Jon Davidson, legal director for Freedom for All Americans, said he isn’t sure whether the lawsuits were timed to Kavanaugh’s confirmation, but foresees “more aggressive litigation moves in federal courts by anti-LGBTQ forces due to the increasing number of appointments of federal judges with histories of opposition to LGBTQ rights and Justice Kennedy’s retirement.”

“I believe these lawsuits are a continuation of efforts by anti-LGBTQ organizations and politicians’ efforts to weaken, if not invalidate, local nondiscrimination protections in Texas and elsewhere, notwithstanding the history of local government regulation in this area,” Davidson said. “I further believe the lawsuits are a continuation of efforts to distort the concept of religious freedom from the right to believe a license to use religion to act in violation of others’ rights. All of us care about religious freedom — that’s why it’s part of the Constitution’s promise to all Americans. That will never be up for debate. But religious freedom should be used as a shield, not as a weapon, and its reach should not be distorted in order to harm LGBTQ people or anyone else.”

James Esseks, director of the LGBT and HIV project at the American Civil Liberties Union, said Kavanaugh’s test “may come sooner” given cases on LGBT rights were already waiting for the new justice before the Supreme Court prior to his confirmation.

Among them is a petition from Harris Funeral Homes in Michigan challenging a ruling from the U.S. Sixth Circuit Court of Appeals asserting it violated Title VII by terminating the employment of Aimee Stephens for transitioning. Two other petitions seeking clarification on whether Title VII applies to anti-gay discrimination are also pending before the Supreme Court.

“A growing chorus of appeals courts — and a solid majority of the American people — agree that firing someone because they are LGBTQ is against the law,” Esseks said. “The high court may weigh in on whether laws prohibiting sex discrimination in the workplace apply to discrimination towards LGBTQ people this term.”

This article originally appeared in the Washington Blade and is made available in partnership with the National Gay Media Association.

Grants for LGBT initiatives to be offered by Akron Community Foundation

Grants for LGBT initiatives to be offered by Akron Community Foundation

Akron-area nonprofits can apply for funding for LGBT-focused initiatives through the Gay Community Endowment Fund’s new impact grant program. ( AKRON, Ohio — Akron Community Foundation announced it will award impact grants starting at $10,000 to local LGBT programs through its Gay Community Endowment Fund .

The impact grant program will fund initiatives that focus on the health and wellbeing of Akron’s LGBT community.

The foundation will give preference to grant proposals supporting suicide prevention and mental-health programs, combating phobias about the community and creating safer environments for LGBT youth.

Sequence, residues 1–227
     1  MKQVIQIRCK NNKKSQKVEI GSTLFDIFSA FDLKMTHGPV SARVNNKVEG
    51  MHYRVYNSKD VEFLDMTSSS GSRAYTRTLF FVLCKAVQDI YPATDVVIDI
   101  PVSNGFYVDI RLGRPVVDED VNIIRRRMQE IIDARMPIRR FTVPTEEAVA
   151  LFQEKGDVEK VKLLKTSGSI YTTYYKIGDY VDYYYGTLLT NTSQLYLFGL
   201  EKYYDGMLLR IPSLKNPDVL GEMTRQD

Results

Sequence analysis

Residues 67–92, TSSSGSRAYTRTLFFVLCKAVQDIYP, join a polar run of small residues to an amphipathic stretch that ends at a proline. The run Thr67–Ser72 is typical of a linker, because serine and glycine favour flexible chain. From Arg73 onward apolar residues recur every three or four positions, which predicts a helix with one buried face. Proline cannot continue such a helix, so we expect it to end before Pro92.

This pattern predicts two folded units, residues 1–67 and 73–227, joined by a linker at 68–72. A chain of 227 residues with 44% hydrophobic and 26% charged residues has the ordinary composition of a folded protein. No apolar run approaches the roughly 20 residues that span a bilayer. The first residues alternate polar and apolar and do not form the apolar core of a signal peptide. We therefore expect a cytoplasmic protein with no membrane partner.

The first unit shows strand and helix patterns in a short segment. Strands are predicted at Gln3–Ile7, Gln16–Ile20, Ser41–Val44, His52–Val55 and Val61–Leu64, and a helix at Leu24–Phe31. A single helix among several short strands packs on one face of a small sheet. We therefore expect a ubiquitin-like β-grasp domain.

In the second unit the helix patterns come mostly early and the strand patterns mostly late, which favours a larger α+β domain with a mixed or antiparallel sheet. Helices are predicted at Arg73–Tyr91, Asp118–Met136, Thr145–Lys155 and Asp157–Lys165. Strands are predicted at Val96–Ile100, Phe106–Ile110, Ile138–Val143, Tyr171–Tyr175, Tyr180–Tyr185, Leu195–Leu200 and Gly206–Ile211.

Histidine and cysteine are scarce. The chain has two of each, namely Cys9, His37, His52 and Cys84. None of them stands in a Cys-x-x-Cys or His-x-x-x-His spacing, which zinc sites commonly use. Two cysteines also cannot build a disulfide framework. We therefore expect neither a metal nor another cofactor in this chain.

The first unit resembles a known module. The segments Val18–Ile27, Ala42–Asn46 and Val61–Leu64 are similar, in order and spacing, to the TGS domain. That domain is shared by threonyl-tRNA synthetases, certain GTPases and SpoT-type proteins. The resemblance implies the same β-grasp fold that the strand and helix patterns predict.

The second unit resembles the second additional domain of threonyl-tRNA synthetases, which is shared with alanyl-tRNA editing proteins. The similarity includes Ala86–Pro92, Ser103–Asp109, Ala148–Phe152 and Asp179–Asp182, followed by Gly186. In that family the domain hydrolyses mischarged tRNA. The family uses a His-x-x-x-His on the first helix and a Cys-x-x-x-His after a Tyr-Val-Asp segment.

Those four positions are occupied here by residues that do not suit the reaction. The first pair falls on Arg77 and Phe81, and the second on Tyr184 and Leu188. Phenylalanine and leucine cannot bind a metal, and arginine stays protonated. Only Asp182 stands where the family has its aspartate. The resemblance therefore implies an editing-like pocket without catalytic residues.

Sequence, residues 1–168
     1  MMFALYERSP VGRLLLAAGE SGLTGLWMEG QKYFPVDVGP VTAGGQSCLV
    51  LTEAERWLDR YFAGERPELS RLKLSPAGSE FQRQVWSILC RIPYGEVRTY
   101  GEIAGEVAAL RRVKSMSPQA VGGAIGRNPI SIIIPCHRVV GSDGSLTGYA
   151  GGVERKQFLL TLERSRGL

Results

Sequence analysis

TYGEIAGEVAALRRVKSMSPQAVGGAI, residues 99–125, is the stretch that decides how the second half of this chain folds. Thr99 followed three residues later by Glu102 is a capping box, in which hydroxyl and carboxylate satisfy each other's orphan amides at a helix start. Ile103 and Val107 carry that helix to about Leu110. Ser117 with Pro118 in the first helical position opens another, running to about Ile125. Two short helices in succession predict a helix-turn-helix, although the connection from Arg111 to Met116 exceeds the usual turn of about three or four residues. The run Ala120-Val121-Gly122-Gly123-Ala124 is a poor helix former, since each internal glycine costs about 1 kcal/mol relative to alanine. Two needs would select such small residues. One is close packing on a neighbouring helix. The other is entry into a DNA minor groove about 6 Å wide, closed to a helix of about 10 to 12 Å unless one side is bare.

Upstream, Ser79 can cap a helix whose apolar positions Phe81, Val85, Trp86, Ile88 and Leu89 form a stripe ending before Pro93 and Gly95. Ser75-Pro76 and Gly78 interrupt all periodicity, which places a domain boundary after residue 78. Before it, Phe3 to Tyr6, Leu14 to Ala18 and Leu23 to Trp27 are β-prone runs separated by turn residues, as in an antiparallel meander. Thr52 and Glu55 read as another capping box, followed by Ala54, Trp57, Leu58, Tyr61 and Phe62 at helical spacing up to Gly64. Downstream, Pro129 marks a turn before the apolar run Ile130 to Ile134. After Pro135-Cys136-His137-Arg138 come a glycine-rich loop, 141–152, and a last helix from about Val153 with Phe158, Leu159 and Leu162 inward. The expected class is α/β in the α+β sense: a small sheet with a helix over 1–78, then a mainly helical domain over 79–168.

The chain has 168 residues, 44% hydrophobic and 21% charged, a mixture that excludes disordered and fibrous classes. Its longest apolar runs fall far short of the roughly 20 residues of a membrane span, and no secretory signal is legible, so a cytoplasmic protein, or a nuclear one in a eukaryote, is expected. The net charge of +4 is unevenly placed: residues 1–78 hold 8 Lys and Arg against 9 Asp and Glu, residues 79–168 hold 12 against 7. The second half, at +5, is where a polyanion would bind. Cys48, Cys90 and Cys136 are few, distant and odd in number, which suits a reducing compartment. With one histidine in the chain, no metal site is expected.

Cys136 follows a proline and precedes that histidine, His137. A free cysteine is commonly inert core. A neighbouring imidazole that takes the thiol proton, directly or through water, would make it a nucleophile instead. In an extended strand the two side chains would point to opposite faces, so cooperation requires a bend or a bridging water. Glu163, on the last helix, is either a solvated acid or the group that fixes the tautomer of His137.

"This new grant-making approach allows us to strategically concentrate our funding on programs that will make a significant difference for the LGBTQ+ community," Phil Montgomery, Gay Community Endowment Fund advisory board chair, said in a news release.

The foundation also will accept LGBT-focused, micro-grant proposals starting at $1,000 for programs related to the arts, community events and operational needs for local nonprofits.

Applications for grant funding can be submitted starting on Nov. 15.

Gay Community Endowment Fund representatives have scheduled an information session for Thursday, Nov. 8 at 3 p.m. for those interested in the grant application process. The session is to be held at Akron Community Foundation, 345 West Cedar St., in Akron.

The deadline to apply for an impact grant is Dec. 15. The foundation will announce recipients of each type of grant in March 2019.

Contact John Garofalo, Akron Community Foundation vice president of community investment at or 330-436-5624 for more information about the impact grant application process.

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LGBT associations condemn rising homophobic attacks in Paris

LGBT associations condemn rising homophobic attacks in Paris

Protests after homophobic attack in Paris The latest spur of violence took place on Wednesday against Guillaume Mélanie, head of NGO Urgence Homophobia, a charity that helps the LGBT community obtain asylum in France.

Mélanie says he was punched in the face as he was coming out of a restaurant and told that he "should be burned".

He shared pictures of his injuries on social media , prompting reactions of support, including a message from Paris mayor Anne Hidalgo.

More homophobic attacks being reported

According to latest figures provided by Paris police headquarters, homophobic attacks in the French capital are actually decreasing.

There were 20 fewer attacks so far this year as compared to 2017, according to official sources.

However, gay rights organisation SOS Homophobia recorded a 15 percent rise in physical attacks. The figure was based on the number of calls on their helpline.

"That could also be because people are more willing to speak out publicly" points out James Creedon, who presents Media Watch on France 24.